May 20, 2019 | Abby Caviness
Getting into a consistent workout routine can be difficult when faced with muscle soreness the next day. Some may feel too sore to get to their next workout, so they skip out and mess up their schedule. Fortunately, there are several steps you can take to ease and recover sore muscles, so you feel ready for your next workout. USHEALTH Group® wants to share a few of those tips so you can better reach your fitness goals.
But first, why exactly do our muscles get sore?
What Causes Sore Muscles?
There are two types of muscle soreness: Acute Muscle Soreness and Delayed Onset Muscle Soreness (DOMS).1 Acute muscle soreness occurs during a workout and DOMS occurs after, which is what most people experience and what we will focus on in this article.
Soreness is caused by eccentric exercise, which is any exercise that causes a muscle to lengthen under tension.1 As a result, this causes damage to your muscles and connective tissues in the form of microscopic tears.2 While continuing exercise with sore muscles is good for you, it is important to make sure your muscles are recovering, because they come back stronger when they do.3 So, what are some ways to help your muscles recover from exercise they are not used to?
Making sure you are letting your muscles rest without continuing to put them under stress is important for building strong muscles. In fact, there are a few ways to help your muscles recover from the damage of strenuous exercise. These strategies include:3
- Passive recovery: complete cessation from exercise
- Active recovery: low-intensity exercise
- Cross-training: changing up activity so you focus on different muscles every workout
- Myofascial release: massages and foam rolling
- Nutritional recovery: eating foods to promote recovery
- Sleep: during sleep, the body produces most of its growth factors and hormones aiding muscle repair
There are several benefits to giving your muscles a break from exercise. For example, if you are letting your muscles rest, you will give your body the energy it needs to continue in your next workout. However, if you continue to exercise without proper rest, you can experience burnout and even injury. In addition, inadequate rest can lead to poor immune function, neurological changes, hormonal disturbances, and depression. So, if your muscles are reeling after a strenuous exercise, give them the rest they need and deserve.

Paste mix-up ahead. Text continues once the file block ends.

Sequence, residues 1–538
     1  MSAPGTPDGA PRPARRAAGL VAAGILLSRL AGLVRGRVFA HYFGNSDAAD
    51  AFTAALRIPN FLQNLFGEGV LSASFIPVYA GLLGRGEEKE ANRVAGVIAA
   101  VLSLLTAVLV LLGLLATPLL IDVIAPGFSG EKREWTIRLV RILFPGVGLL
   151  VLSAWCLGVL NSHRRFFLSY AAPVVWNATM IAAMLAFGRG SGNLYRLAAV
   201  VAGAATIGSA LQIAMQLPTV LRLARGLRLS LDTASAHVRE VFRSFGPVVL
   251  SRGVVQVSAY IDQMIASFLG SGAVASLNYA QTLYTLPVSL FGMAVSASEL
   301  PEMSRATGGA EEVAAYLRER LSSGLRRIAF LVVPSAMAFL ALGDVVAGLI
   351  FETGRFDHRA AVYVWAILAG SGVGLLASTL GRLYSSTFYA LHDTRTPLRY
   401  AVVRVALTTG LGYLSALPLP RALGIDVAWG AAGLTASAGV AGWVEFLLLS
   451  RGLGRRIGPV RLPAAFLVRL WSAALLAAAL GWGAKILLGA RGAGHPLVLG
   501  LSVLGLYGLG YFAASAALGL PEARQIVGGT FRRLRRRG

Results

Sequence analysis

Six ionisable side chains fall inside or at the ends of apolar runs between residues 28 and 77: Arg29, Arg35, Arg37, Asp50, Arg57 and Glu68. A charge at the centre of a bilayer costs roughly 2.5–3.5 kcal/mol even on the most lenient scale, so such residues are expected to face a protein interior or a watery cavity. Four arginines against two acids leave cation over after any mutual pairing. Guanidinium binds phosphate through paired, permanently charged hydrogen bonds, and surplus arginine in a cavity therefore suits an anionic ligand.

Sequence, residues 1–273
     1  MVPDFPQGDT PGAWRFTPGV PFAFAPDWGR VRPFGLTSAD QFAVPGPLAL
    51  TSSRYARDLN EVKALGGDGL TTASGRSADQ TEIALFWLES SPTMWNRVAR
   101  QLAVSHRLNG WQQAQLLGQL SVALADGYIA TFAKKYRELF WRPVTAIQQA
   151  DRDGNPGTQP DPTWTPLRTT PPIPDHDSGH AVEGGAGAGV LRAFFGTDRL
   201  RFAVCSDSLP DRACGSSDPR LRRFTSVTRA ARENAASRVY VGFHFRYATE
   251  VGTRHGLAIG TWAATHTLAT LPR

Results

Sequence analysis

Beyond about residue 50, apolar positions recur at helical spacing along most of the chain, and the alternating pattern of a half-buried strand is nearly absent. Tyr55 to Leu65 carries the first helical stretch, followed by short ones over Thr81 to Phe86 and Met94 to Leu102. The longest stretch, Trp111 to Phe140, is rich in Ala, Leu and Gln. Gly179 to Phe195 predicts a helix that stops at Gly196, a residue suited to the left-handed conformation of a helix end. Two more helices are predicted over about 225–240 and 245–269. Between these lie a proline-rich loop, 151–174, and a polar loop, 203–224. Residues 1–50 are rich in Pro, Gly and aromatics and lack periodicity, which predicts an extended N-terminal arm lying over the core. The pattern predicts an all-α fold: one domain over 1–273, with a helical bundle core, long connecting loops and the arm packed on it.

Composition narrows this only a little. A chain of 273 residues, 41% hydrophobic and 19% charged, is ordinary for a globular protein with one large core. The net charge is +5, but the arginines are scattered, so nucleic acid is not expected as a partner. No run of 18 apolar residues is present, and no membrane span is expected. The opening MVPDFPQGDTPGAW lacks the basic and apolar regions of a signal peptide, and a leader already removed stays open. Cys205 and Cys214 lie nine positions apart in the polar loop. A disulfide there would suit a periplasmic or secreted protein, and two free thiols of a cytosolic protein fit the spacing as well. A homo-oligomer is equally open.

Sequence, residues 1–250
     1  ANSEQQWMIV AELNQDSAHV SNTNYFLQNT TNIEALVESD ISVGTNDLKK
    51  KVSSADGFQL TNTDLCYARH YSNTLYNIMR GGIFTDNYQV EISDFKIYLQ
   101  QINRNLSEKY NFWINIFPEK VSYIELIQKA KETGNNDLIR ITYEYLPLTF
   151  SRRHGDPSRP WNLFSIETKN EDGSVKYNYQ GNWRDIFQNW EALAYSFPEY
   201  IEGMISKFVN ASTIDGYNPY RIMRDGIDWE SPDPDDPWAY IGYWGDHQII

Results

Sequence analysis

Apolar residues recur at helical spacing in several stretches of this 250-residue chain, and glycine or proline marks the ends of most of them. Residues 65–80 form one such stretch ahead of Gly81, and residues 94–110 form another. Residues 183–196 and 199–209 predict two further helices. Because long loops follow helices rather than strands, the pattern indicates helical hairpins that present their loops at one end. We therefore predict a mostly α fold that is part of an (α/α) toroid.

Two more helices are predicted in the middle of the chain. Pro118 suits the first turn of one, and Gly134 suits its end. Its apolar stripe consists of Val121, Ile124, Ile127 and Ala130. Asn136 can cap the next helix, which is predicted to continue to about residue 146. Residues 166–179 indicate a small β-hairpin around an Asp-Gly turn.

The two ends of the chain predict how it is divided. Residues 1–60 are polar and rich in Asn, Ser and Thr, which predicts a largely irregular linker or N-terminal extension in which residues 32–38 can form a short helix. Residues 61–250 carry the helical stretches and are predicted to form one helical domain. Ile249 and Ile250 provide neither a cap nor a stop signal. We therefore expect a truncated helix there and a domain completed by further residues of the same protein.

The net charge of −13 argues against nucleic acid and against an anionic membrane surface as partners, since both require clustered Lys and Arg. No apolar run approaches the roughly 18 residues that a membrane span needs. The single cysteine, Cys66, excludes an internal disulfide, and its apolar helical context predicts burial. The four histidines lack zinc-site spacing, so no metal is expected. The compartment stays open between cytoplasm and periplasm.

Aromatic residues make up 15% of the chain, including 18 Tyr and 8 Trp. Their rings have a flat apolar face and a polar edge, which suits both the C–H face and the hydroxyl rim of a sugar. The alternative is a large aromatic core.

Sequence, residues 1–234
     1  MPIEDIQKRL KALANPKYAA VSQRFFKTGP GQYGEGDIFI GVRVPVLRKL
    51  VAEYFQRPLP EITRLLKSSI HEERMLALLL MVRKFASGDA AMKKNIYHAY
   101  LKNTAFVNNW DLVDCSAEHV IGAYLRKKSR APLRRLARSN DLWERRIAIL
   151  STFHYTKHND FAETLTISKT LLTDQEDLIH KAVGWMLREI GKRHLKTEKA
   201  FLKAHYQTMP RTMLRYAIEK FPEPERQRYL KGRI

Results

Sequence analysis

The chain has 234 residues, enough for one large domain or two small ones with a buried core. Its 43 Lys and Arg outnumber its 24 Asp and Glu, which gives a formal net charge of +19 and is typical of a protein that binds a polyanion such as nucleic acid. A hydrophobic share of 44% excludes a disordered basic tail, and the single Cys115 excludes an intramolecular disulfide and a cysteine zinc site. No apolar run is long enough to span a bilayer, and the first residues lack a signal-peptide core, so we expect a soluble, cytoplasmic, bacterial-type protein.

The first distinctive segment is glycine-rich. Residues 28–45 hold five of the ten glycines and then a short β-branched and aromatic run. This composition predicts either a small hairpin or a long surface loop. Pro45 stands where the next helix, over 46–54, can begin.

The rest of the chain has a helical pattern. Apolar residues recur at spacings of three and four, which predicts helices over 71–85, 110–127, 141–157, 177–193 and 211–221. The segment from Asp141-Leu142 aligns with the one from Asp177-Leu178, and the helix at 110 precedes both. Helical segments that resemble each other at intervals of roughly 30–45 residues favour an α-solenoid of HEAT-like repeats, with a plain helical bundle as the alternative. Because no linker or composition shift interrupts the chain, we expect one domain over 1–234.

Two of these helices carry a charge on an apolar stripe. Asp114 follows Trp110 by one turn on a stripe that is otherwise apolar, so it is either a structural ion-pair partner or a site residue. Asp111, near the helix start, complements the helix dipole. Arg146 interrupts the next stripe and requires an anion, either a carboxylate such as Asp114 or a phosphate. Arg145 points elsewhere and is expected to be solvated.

While muscle soreness is a good sign of an effective workout, no one likes being too sore to complete daily activities. Besides, if you are having trouble lifting even your toothbrush, how are you going to get yourself to the gym for another workout? Taking the following extra steps will help you in the long run to not feel too sore to keep working out:4
- Drink plenty of water
Keeping hydrated is the key ingredient to relieving sore muscles. So, keep a reusable water bottle with you and sip on it throughout the day. If you do not like water, add a few lemon or lime slices for some flavor!
- Keep moving
Though you may want to lay in bed and not move, getting up and doing some light exercise could make you feel better. Try going swimming or riding your bike—both are gentle and will not add too much extra stress to your muscles.
- Apply heat
If you are still feeling sore after 48 hours, try applying heat to those areas. This increases blood flow to your muscles and ease tightness. However, you should be careful to not turn the temperature up too high. Too much heat can cause burns and further inflame the muscles.
- Get a massage
Massaging your muscles can relieve tension, boost blood flow, and increase your range of motion. However, signing up for a deep tissue massage will likely exacerbate the issue. Instead, go for a gentler massage or even try tender-point acupressure.
- Take an anti-inflammatory
As a last resort, over-the-counter medications—such as aspirin, ibuprofen or naproxen—can help to reduce swelling and relieve pain. However, it is important to be careful not to rely too heavily on medication and create a dependency.